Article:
Cooperative Control of Human-Driven and Connected Automated Vehicles in Signal-Free Urban Networks
Cooperative traffic control is a progressive alternative to conventional traffic signalization in connected environments. This research exploits the untapped potential of Connected Automated Vehicles (CAVs) to regulate mixed traffic consisting of CAVs and human-driven vehicles (HVs) to enhance traffic operations in urban networks. The integration of artificial intelligence and wireless communication technologies in CAVs enables coordinating the movement of HVs approaching intersections in conflicting directions to pass through without interruption safely. This research develops a cooperative control mechanism for coordinating the movement of HV platoons led by CAVs at intersections to minimize traffic congestion, energy consumption, and the emission of air pollutants in signal-free urban networks.
Managing Connected, Automated, and Human-Driven Vehicles on Highways
Automated driving technologies are expected to be introduced to the consumer market in the near future. Nevertheless, we may be several decades away from a homogeneous automated traffic condition because of the high price of new technologies and a relatively low willingness of users to pay for them. During the transition phase, effective traffic management strategies that aim to improve the performance of highways need to be designed for a heterogeneous demand of connected, automated, and human-driven vehicles (CAVs, AVs, and HVs). In the future, highways can potentially have three types of lanes for vehicles having different levels of automation technology: conventional lanes accessible to HVs, AVs, and CAVs, (2) high-performance lanes dedicated to AVs and CAVs, and (3) automated lanes exclusively provided to CAVs. This research aims to propose effective strategies for allocating right-of-way to vehicles with different levels of automation technology and to develop pricing/taxing strategies for promoting the efficiency and sustainability of the transportation system in heterogeneous traffic conditions.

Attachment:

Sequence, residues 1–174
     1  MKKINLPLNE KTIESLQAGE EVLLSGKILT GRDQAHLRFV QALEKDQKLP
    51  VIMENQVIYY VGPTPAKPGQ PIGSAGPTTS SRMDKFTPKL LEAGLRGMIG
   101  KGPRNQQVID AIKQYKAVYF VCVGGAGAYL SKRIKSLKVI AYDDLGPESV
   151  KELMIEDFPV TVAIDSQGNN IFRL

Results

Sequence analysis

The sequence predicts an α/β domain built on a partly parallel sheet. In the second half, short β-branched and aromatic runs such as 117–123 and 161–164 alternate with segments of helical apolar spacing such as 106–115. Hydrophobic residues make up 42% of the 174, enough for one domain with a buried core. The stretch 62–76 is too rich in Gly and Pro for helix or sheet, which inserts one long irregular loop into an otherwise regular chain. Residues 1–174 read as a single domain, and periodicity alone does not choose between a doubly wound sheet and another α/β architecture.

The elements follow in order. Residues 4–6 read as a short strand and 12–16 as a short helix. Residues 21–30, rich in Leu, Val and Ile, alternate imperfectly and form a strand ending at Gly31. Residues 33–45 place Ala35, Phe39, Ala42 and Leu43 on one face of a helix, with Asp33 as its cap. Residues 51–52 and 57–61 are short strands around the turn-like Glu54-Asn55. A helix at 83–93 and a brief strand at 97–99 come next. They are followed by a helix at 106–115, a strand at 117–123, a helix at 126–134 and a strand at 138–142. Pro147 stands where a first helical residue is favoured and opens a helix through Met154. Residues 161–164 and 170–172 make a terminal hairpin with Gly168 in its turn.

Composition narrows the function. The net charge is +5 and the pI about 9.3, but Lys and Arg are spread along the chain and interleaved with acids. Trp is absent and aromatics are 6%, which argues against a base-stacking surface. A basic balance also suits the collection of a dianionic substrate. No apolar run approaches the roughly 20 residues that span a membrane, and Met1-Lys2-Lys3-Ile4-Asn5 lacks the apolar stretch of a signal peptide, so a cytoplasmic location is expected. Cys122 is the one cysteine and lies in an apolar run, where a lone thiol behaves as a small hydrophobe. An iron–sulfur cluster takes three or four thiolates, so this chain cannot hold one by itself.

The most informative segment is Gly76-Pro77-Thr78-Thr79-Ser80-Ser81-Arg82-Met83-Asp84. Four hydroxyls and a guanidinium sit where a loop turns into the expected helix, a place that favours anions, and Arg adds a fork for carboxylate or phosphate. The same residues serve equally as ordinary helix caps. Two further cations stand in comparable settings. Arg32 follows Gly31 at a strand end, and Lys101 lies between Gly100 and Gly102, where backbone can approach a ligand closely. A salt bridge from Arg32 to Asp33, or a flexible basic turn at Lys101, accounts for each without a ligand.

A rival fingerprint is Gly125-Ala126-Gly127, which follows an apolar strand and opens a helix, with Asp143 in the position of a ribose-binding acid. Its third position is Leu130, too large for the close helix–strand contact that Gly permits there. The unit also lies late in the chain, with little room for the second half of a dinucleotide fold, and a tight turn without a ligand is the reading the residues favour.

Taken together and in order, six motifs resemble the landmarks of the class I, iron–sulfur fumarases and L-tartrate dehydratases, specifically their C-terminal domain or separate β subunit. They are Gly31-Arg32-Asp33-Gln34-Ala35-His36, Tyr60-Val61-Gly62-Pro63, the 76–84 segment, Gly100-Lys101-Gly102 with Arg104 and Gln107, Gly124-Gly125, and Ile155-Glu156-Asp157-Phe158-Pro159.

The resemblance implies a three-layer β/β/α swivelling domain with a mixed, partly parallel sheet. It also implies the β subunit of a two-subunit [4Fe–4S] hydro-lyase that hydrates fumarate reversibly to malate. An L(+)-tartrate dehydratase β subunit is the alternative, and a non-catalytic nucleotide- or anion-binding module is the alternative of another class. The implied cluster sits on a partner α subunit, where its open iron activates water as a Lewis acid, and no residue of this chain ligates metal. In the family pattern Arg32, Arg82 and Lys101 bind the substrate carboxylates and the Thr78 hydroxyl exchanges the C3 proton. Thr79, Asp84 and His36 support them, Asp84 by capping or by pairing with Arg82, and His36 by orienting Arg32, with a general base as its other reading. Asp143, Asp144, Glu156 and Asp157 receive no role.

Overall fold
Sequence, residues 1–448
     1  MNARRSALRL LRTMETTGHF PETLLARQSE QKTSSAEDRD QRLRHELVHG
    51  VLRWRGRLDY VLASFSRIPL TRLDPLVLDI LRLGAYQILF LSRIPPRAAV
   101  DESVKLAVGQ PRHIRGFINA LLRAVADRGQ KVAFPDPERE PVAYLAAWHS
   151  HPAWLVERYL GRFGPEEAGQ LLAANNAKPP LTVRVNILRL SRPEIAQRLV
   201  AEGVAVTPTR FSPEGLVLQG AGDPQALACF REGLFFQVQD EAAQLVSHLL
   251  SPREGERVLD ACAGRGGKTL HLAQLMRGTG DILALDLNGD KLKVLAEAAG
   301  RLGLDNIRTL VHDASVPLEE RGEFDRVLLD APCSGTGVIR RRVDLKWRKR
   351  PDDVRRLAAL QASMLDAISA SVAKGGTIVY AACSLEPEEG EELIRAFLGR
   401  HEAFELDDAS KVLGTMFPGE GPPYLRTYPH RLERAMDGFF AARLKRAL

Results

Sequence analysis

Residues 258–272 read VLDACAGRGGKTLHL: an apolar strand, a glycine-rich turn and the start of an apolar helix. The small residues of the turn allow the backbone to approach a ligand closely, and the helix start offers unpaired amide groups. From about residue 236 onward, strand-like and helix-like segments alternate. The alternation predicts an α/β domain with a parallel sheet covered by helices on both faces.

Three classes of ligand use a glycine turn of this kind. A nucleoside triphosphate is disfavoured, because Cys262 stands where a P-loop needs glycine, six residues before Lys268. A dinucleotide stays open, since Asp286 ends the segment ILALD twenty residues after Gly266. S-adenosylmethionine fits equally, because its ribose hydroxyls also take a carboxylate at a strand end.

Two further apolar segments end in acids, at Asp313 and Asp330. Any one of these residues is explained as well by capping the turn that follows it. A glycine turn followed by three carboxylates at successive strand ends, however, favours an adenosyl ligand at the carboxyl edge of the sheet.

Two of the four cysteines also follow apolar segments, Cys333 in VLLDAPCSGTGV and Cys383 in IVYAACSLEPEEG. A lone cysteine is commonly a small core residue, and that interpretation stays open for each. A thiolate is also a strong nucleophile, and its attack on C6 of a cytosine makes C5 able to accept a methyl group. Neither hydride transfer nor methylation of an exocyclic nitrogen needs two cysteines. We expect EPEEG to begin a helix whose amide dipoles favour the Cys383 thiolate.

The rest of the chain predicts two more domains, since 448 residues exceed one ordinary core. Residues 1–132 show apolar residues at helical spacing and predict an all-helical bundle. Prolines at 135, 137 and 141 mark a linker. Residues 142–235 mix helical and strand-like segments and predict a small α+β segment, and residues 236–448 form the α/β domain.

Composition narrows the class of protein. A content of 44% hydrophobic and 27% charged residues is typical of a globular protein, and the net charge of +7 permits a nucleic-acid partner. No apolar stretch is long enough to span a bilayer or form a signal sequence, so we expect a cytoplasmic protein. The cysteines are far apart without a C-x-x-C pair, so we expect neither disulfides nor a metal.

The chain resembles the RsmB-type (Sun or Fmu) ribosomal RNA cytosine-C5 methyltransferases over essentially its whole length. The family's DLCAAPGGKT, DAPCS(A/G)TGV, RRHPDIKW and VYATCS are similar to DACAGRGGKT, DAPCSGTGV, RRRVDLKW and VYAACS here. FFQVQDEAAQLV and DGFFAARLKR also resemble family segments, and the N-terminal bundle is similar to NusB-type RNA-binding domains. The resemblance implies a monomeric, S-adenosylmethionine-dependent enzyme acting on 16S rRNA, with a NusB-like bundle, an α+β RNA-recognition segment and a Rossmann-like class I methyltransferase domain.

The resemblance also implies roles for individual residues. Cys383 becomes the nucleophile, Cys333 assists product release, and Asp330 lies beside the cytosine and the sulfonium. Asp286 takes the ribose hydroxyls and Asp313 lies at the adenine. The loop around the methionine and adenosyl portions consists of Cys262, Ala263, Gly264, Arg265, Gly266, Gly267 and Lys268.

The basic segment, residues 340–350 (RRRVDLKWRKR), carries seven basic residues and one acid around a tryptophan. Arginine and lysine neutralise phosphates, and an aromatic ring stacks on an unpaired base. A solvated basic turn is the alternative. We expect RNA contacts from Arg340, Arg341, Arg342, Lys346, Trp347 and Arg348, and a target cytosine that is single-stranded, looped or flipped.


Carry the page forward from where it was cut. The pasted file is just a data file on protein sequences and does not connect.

Geo-Economics Multi-Modal System: Future of Transportation Infrastructure in the United States
The Geo-economic Multimodal Systems (GEMS) model is a national-scale transportation policy analysis tool for assessing the performance of transportation systems and designing effective investment and management strategies to enhance mobility, accessibility, and equity across the country. The GEMS framework characterizes regions into location types based on curated factors and models transportation systems in various locations using a macroscopic approach to capture both temporal and spatial system dynamics, analyze policy changes, and identify the most cost-efficient solutions by accounting for differences between types of regions. GEMS is designed to determine the optimal investment strategies and system design configurations and policies that simultaneously minimize the system, user, and externality costs while maintaining equitable accessibility from a national perspective.